„Towards Open Research Data in Poland” – a report from the Open Science Platform

The Open Science Platform (ICM, University of Warsaw) has recently published a report „Towards Open Research Data in Poland”, by Jakub Szprot, Krzysztof Siewicz and Wojciech Fenrich. The issue of open research data has not been discussed much in Poland yet and the goal of this report is to initiate a debate on this topic.

The report consists of two large chapters. The first chapter provides an analysis of the legal framework concerning research data, including both the international and European context and the specific Polish situation, while the second chapter presents the results of an empirical study on the attitudes towards and practical approaches to open data among members of the Polish academic community.

The legal framework chapter gives an overview of the most important issues related to open data. The authors define ‘open data’ as data that can be freely re-used which means that all rights connected with the dataset need to be identified and cleared. The report discusses two main aspects relevant for this. Firstly, it discusses copyright and database rights owned by the producer(s) of the data (the researchers collecting the data and/or the research institution that employs them) versus rights owned by third-parties (persons who contributed in any way to the data, e.g. by being creators of individual objects that were later collected by the researcher and thus became parts of a research dataset, or by being subjects of the research). Secondly, the report looks at datasets as complex, structured objects, and analyses the different layers at which the various rights can apply (rights to the dataset as a whole versus rights protecting individual pieces included in the dataset).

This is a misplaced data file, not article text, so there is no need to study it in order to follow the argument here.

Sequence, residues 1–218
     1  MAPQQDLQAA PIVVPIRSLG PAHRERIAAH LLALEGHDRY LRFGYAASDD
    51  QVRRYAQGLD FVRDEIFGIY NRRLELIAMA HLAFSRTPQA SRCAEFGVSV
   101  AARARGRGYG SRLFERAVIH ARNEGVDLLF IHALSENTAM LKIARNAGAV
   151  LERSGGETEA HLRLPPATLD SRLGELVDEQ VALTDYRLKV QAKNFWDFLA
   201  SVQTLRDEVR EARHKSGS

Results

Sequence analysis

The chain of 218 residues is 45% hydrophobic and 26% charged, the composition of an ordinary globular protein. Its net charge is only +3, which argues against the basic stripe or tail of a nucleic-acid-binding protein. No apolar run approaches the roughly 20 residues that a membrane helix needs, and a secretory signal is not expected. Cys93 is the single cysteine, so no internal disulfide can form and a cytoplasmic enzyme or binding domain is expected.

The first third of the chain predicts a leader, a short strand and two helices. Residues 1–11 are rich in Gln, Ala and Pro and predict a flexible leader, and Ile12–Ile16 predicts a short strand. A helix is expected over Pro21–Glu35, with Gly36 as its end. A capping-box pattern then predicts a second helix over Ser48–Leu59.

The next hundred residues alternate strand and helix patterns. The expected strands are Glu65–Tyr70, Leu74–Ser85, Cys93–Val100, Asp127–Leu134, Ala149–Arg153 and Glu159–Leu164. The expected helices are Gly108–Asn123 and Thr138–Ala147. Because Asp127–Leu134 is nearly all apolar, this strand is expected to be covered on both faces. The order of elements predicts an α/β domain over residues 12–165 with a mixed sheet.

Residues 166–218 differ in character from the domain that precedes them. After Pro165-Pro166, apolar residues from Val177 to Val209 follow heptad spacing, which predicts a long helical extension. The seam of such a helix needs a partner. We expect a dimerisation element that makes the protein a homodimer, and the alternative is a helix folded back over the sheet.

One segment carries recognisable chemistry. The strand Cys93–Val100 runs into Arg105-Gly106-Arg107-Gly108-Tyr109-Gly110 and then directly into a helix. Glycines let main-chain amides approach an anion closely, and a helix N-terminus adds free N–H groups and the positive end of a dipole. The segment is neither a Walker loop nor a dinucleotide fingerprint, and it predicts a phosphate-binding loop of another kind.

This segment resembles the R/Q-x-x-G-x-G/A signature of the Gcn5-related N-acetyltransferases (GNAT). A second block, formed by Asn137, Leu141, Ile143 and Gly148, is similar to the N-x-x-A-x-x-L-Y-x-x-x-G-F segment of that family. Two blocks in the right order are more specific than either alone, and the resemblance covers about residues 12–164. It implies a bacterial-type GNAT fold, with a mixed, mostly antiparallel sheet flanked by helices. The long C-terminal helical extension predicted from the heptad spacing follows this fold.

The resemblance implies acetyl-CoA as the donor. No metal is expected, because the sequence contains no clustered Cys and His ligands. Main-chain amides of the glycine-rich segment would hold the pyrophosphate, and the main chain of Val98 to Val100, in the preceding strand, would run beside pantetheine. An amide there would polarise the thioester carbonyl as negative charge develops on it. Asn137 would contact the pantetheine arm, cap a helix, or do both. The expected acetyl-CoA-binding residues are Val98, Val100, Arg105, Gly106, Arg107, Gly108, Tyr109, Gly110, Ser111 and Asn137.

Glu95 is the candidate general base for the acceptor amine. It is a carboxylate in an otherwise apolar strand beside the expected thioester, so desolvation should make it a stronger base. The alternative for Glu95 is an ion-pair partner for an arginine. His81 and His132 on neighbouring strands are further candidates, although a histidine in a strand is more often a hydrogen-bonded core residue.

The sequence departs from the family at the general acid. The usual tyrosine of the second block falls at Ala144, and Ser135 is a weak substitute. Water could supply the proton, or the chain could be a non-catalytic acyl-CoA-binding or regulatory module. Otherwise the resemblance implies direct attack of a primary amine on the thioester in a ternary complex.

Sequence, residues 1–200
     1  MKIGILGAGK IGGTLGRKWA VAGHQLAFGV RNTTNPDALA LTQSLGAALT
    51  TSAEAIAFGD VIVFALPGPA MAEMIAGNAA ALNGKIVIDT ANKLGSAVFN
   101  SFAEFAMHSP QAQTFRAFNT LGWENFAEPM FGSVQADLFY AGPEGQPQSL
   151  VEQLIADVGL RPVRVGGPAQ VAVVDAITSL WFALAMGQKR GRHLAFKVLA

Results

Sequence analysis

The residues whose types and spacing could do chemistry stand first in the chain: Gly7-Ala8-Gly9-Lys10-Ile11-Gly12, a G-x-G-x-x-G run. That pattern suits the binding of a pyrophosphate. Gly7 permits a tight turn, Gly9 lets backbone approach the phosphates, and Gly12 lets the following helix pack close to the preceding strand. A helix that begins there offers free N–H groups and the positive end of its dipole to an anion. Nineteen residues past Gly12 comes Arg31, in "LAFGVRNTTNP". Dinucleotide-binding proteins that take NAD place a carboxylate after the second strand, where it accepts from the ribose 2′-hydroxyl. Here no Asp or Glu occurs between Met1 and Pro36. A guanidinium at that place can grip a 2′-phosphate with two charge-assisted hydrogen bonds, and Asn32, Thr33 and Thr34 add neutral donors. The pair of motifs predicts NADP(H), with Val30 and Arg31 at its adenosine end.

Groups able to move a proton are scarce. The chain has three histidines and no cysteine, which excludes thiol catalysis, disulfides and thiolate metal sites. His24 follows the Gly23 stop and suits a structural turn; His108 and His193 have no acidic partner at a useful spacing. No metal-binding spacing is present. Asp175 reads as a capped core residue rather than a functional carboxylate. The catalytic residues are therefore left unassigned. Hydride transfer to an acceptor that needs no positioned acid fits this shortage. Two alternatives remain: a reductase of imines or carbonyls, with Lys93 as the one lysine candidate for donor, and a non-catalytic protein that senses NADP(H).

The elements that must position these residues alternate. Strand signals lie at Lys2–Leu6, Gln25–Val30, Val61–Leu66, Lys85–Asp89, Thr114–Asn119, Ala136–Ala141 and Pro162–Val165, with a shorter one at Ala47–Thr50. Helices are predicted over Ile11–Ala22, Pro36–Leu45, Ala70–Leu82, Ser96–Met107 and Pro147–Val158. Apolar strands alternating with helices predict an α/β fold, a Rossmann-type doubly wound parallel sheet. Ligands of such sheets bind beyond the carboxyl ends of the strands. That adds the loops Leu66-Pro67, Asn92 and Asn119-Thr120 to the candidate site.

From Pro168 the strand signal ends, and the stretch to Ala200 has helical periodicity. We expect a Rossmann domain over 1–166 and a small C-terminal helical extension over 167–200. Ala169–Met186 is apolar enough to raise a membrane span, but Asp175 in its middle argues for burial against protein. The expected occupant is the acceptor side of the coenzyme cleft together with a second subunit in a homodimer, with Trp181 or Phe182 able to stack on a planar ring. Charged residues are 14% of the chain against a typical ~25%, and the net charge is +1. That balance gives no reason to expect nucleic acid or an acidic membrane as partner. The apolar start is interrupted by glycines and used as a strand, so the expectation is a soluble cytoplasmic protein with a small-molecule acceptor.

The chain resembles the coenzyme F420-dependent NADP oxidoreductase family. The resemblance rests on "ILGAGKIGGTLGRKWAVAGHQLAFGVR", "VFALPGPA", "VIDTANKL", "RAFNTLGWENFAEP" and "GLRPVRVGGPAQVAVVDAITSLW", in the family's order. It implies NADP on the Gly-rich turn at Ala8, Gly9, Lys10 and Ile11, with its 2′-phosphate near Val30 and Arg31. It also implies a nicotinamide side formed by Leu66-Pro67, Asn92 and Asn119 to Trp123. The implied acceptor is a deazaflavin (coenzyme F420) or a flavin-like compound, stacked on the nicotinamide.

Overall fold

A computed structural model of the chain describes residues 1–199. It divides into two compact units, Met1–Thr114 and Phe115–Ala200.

This part of the report also includes an overview of open licenses that are most frequently used for research data, and it briefly describes the approaches currently used to deal with legal issues in research datasets, using several examples of established data repositories from around the world. The conclusions are that on a practical level some issues are not yet solved, so the problems are left to the potential data users who must cope with them on their own.

The second part of the legal framework chapter deals with the legal situation in Poland, and it goes deeper into specific regulations. Relevant aspects of copyright law and the database protection act (sui generis rights) are discussed, as well as two issues that are most relevant for third-party rights, i.e. personal data protection and privacy protection. The whole chapter concludes with some comments on strategies to remove the legal obstacles that prevent open sharing of research data.